(acupuncture point K10)
High SCC
This of course can be due to environmental stresses or internal immune suppression. Culture to see if contagious
or environmental etiology. General approach is to use Biocel CBT as described above (or other colostrum whey
products like Impro injectables). Immunoboost® stimulates the non-specific immune system (IFN-γ) – 5cc IM
one time can drop SCC for up to 2 months (good to remember for drying off certain cows). MuSe injection once
weekly for a few weeks (2cc/100lbs SQ/IM).
Pink Milk
IV Calcium (electrolytes) and 1 bottle Vitamin C. Vitamin K 100cc SQ one time. Keep the cow from moving
Cut teat or cut milk vein, etc.
Sedate and stitch. Give lactated ringers, 2-3 L, IV (electrolytes) or transfuse if need be.
Killing a quarter
Use 60cc Nolvasan in quarter for 4 milkings in a row without stripping out. Using iodine can cause a pretty
severe inflammatory reaction in the quarter and concomitant use of flunixin is recommended in the literature.
Magnet and PhytoBiotic and good luck. The farmers rarely go for the antibiotic on these. They have strong faith
in the magnet and PhytoBiotic, though I have much stronger faith in penicillin in obvious hardware cases.
It is not always easy to diagnose peritonitis. I usually consider it when there is a low grade fever (102.6-103) and
there is no other obvious cause of the fever but the cow is off-feed and the rumen is inactive resulting in a very
mild bloat. Seeing a full or bloated appearance bilaterally is more significant yet. If on rectal palpation it is
obvious that the colon is straight and turgid, a presumptive diagnosis of generalized peritonitis can be made. For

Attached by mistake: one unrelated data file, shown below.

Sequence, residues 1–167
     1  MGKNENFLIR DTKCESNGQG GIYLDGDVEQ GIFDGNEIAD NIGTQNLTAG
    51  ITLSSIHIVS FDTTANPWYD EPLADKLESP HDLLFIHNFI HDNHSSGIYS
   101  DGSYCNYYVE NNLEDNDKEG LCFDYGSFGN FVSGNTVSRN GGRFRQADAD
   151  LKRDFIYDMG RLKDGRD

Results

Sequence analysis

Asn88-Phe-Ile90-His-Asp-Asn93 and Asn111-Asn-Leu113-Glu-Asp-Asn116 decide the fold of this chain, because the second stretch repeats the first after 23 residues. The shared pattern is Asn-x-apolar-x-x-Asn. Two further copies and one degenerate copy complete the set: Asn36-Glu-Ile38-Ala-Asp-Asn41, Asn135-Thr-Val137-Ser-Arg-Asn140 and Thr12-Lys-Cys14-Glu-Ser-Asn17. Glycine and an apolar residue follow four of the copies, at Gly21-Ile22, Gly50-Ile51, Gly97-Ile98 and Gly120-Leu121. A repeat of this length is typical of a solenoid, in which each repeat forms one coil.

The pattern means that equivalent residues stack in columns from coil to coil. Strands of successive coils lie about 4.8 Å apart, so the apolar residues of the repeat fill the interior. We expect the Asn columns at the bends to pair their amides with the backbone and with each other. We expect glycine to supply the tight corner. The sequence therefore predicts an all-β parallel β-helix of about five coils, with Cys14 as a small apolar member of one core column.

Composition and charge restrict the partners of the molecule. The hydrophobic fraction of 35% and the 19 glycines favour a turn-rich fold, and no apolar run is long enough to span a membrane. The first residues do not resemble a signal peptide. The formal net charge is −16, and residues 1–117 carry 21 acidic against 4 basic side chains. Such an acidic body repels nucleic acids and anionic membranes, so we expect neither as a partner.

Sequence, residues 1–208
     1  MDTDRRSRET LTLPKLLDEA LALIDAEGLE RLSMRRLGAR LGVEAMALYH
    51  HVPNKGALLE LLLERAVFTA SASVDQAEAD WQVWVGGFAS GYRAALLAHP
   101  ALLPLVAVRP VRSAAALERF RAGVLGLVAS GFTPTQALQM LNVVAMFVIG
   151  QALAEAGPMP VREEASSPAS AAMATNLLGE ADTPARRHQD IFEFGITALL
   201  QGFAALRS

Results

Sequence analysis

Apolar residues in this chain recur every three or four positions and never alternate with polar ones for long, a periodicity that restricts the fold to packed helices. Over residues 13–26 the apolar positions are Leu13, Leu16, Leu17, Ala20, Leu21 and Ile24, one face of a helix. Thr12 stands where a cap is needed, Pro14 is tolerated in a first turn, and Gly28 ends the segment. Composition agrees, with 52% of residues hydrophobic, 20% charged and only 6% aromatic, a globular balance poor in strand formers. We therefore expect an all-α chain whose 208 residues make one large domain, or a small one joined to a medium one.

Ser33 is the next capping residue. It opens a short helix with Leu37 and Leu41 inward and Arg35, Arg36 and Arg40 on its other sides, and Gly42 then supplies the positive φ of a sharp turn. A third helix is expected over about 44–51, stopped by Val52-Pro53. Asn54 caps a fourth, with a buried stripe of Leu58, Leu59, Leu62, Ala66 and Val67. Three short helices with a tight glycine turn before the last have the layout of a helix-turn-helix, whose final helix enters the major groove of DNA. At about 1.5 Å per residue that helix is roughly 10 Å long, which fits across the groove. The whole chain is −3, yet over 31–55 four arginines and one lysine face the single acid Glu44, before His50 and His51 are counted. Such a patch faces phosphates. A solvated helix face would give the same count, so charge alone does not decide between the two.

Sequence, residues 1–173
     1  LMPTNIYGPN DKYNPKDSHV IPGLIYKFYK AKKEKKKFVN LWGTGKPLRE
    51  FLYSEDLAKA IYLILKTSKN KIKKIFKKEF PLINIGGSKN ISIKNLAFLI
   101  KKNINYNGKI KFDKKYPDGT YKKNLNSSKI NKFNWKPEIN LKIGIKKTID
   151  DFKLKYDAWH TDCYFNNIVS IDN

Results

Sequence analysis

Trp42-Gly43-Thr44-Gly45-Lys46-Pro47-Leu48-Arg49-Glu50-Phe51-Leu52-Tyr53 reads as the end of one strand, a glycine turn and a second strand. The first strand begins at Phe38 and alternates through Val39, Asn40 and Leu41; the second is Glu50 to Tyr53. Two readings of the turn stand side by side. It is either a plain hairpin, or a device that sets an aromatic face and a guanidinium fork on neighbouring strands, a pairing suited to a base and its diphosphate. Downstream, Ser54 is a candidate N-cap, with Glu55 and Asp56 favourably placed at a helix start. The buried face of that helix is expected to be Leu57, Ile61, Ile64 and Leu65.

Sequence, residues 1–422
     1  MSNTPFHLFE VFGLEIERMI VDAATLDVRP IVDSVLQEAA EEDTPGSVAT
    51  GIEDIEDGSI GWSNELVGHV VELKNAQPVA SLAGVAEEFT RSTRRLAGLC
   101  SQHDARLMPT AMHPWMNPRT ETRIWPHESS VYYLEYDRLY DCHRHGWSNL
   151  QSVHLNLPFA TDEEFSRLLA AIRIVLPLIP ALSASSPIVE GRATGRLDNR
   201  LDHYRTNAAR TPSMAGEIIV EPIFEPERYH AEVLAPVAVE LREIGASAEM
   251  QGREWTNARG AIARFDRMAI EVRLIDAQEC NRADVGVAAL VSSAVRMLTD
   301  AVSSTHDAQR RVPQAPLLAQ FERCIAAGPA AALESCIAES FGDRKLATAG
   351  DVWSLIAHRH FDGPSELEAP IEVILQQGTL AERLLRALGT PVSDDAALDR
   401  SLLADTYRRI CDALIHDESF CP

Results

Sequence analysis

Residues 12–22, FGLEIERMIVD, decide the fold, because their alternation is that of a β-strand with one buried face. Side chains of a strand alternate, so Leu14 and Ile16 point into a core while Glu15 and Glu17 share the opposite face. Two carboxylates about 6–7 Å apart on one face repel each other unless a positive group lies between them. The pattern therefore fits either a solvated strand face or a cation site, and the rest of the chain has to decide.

the animal’s welfare, penicillin is the most effective treatment. Sometimes there may be a more localized
peritonitis due to a septic metritis and resultant peri-metritis with leakage of septic fluid into the local area.
Sometimes this condition is found incidentally during a herd check (not active infection, just the adhesions
between the uterus and rumen or body wall are detectable. These adhesions usually take about 5 months to
“free-up” and the cow may become pregnant after that time. However, if it is in the peri-parturient time, an
active peri-metritis can lead to a generalized peritonitis but then again it may not. These animal needs to be
watched very closely and be put on penicillin within 24-36 hours if no improvement with iodine pills IU and
other treatments for infectious disease (see Coliform Mastitis).
Pasture Bloat (usually these are just a phone call type situation)
1 pint vegetable oil, walk the cow around, repeat 1 pint vegetable oil in 15 minutes. Usually works fine except if
they are really too far into it.
Grain Overload
Activated charcoal and mineral oil with not much water (if first 12 hours). IV Bicarb, 300cc, and lots of lactated
ringers (2-4 liters).
1 gallon Mineral oil + flunixin. If tight mesenteric band palpable, advise that a torsion may occur and if no better
within 8-12 hours, surgery will probably be needed. More often than not, scours will have occurred. Allow the
animal to walk around freely (i.e. do not tie into a stall).
Blood loss (due to cut milk vein, etc. – not internal bleeding)
IV lactated ringers (4-5 liters if needed). Transfusion if really needed – can only use citric acid for the
anticoagulant. While heparin was voted to not be allowed by NOSB, since epinephrine has been deemed as
natural by FDA (and therefore allowed by NOP), heparin should actually also be since it is derived directly from
porcine gut mucosa. However, stick with citric acid if possible.
Ivermectin is allowed for an emergency/infestation if diagnosed by a veterinarian (usually good to run a fecal).
Amprolium is not allowed. If a mixed infection (strongyles and coccidia) treat for the strongyles and then also
dispense Hematinic Rx: PO 10-15cc s.i.d. x 7 days.
External Parasites